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August 23, 2018

Miller urges Congress to close deadly fentanyl loophole

Bipartisan group of AGs support SOFA Act 

Des Moines -- Iowa Attorney General Tom Miller, as part of a bipartisan group of 52 state and territory attorneys general, called on Congress today to help end the opioid epidemic and close a loophole that allows those who traffic deadly fentanyl to stay a step ahead of law enforcement.

“Overdoses from fentanyl-related substances are rising, in part because opioid users have no idea what they’re consuming,” Miller said. “Doctors have described these drugs as ‘chemical weapons.’”

The attorneys general sent a letter to Congress today in support of S. 1553 and H.R. 4922, Stopping Overdoses of Fentanyl Analogues (SOFA) Act. Fentanyl is a Schedule II controlled substance, and when used as prescribed by a doctor, it can be a safe painkiller. But manufacturers can alter the drug to create analogues to avoid classification as illegal or prevent detection in standard drug tests.

Fatal overdoses from fentanyl analogues nearly doubled from the second half of 2016 to the first half of 2017, according to a study by the U.S. Centers for Disease Control and Prevention.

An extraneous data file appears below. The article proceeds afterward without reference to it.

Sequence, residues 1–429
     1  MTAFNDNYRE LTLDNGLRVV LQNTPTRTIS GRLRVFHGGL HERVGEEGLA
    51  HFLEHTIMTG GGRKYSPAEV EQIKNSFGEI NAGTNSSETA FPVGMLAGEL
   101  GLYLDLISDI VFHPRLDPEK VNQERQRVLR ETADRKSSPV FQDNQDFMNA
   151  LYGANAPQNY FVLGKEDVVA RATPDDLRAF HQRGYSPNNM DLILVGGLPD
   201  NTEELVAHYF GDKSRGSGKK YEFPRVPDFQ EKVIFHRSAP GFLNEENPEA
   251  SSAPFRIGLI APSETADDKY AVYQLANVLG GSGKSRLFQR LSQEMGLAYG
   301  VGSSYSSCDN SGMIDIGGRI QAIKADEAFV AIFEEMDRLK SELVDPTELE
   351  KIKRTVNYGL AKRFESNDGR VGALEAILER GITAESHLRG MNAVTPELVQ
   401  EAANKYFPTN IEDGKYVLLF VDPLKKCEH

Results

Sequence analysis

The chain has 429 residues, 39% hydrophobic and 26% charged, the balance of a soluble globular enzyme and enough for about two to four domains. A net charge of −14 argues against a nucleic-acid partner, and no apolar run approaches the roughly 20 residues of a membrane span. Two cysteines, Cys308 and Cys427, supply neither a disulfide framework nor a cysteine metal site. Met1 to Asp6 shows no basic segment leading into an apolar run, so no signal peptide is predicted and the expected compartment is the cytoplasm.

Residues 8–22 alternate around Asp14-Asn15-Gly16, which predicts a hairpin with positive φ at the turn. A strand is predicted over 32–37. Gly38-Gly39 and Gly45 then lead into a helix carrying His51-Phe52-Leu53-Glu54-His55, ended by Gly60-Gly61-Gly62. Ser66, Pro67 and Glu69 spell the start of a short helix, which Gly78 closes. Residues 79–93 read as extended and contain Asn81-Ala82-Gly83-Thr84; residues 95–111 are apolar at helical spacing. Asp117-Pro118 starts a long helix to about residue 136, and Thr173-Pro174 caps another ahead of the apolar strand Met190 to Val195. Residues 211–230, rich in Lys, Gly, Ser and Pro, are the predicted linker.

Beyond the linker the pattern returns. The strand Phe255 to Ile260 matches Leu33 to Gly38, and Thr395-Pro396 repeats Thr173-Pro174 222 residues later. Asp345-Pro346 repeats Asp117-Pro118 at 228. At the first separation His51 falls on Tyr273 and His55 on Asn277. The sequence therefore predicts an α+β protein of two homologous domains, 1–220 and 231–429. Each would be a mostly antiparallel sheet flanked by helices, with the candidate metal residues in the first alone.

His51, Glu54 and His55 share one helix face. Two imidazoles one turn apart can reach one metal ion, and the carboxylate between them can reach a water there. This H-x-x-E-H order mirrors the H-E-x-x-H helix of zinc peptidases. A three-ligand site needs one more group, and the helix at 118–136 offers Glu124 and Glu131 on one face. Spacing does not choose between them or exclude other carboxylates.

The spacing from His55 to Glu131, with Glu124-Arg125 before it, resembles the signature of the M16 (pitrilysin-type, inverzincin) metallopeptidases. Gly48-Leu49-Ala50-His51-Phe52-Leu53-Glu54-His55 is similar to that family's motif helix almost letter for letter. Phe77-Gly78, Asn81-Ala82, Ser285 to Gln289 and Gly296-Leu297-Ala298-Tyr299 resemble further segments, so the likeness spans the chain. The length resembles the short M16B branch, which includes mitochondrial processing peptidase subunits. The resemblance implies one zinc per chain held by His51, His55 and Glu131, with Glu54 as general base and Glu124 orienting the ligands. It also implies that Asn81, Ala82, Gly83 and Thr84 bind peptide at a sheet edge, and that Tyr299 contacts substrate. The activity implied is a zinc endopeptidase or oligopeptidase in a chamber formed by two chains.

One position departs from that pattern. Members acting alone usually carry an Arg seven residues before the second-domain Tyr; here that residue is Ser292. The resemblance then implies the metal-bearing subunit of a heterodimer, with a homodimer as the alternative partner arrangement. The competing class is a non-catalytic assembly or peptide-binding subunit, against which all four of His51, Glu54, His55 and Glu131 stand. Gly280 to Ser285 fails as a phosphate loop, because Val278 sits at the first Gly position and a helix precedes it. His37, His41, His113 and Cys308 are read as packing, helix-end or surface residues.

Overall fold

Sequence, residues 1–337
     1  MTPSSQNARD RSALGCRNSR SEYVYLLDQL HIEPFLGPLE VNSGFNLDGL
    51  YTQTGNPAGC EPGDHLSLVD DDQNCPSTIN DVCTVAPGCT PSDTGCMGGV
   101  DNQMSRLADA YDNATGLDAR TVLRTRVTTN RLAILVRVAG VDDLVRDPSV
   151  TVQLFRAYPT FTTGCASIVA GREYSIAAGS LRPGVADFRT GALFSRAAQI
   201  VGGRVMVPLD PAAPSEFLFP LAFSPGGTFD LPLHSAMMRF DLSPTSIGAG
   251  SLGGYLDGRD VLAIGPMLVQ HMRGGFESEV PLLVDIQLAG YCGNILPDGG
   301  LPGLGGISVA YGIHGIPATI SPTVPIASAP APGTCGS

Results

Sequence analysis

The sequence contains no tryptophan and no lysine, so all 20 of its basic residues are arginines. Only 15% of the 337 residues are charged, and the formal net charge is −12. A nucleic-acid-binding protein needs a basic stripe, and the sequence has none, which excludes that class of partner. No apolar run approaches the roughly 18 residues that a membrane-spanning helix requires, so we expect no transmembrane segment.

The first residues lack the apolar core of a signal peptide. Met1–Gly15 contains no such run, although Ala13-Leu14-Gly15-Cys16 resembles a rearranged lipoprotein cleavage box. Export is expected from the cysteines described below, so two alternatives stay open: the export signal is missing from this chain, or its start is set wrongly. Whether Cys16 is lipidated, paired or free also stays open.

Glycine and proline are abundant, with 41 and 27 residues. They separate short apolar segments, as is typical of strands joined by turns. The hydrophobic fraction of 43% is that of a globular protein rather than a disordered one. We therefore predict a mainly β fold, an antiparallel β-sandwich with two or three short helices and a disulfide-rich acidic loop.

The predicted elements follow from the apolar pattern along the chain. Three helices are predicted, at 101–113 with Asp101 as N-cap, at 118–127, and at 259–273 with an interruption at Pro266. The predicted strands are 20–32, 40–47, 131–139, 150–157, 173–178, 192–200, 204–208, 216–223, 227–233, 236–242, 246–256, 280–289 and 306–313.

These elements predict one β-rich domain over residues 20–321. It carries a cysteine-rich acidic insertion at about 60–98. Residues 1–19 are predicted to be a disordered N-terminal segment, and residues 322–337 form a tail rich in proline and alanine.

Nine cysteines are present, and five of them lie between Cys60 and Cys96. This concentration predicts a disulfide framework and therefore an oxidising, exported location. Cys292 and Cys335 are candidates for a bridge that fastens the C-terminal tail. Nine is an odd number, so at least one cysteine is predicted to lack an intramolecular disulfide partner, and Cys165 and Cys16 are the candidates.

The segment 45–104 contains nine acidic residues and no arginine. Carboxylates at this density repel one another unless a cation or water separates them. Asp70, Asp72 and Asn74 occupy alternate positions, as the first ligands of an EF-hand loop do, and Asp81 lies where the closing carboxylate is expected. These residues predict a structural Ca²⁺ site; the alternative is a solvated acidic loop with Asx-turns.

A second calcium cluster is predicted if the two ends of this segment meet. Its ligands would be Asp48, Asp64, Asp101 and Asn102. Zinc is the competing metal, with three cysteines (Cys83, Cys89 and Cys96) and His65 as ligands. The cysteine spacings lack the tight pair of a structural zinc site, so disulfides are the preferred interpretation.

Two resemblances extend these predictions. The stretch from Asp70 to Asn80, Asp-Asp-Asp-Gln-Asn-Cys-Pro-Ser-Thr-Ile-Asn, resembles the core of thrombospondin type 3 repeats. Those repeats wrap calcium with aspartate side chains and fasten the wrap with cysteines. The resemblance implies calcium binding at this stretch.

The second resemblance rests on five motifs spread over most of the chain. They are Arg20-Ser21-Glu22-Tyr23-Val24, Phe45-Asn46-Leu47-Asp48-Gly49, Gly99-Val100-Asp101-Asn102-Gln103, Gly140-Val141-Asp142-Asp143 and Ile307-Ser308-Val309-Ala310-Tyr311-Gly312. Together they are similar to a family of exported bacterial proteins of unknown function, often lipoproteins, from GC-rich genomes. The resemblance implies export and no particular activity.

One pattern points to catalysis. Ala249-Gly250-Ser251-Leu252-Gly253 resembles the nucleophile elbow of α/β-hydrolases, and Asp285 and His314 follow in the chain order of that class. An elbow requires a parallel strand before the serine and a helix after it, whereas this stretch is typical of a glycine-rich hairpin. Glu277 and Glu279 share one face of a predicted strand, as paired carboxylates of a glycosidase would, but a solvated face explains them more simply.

If passed by Congress, the SOFA Act would eliminate the current loophole that keeps the controlled substance scheduling system one step behind those who manufacture fentanyl analogue and then introduce these powders into the opioid supply. The SOFA Act uses catch-all language that will allow the Drug Enforcement Administration to quickly list all newly modified fentanyl analogues as Schedule I drugs.

The SOFA Act makes fentanyl analogues illegal as soon they are manufactured, which occurs most in countries without adequate controls.

In addition to Iowa, the other attorneys general who signed the letter were Alabama, Alaska, Arizona, Arkansas, California, Colorado, Connecticut Delaware, District of Columbia, Florida, Georgia, Hawaii, Idaho, Illinois, Indiana, Kansas, Kentucky, Louisiana, Maine, Maryland, Massachusetts, Michigan, Minnesota, Mississippi, Missouri, Montana, Nebraska, Nevada, New Hampshire, New Jersey, New Mexico, New York, North Carolina, North Dakota, Ohio, Oklahoma, Oregon, Pennsylvania, Puerto Rico, Rhode Island, South Carolina, South Dakota, Tennessee, Texas, Utah, Vermont, Virginia, Washington, West Virginia, Wisconsin, and Wyoming.  

Under Miller, the Iowa Attorney General’s Office has embarked on a multipronged effort to address opioid abuse in Iowa, including educating citizens and medical professionals. The office is also playing a major role in a multistate investigation into the manufacturers and distributors of prescription opioid drugs as part of a widespread probe into the nation’s opioid epidemic.


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